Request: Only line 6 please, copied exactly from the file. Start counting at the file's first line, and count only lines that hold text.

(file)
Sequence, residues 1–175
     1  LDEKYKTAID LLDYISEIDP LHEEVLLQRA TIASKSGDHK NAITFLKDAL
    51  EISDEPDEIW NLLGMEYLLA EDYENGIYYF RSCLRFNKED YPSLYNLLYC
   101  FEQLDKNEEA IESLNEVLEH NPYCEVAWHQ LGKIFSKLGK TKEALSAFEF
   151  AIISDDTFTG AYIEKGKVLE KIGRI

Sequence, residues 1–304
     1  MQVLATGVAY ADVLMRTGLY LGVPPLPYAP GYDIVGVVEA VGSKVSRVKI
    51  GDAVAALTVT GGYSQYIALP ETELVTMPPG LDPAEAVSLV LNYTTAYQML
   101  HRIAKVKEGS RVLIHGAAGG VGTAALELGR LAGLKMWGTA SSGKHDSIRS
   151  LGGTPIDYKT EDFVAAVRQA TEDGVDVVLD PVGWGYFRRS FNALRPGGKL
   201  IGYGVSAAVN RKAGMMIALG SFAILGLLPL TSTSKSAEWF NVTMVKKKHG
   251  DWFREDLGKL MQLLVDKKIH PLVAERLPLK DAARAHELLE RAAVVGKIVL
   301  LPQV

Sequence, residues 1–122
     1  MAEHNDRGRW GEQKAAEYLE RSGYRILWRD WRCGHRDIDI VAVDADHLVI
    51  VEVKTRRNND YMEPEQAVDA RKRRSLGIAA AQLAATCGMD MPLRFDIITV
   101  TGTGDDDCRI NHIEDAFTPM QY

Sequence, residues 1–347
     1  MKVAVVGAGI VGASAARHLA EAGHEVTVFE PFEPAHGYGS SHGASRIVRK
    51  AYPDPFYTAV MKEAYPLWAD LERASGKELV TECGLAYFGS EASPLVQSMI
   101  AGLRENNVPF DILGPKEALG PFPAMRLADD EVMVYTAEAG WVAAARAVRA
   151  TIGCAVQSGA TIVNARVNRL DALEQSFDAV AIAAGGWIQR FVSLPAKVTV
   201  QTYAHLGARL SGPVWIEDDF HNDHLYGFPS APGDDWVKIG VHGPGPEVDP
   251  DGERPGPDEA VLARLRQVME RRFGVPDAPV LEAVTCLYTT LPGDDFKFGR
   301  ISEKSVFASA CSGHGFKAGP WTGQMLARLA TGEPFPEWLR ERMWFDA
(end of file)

Sequence, residues 1–304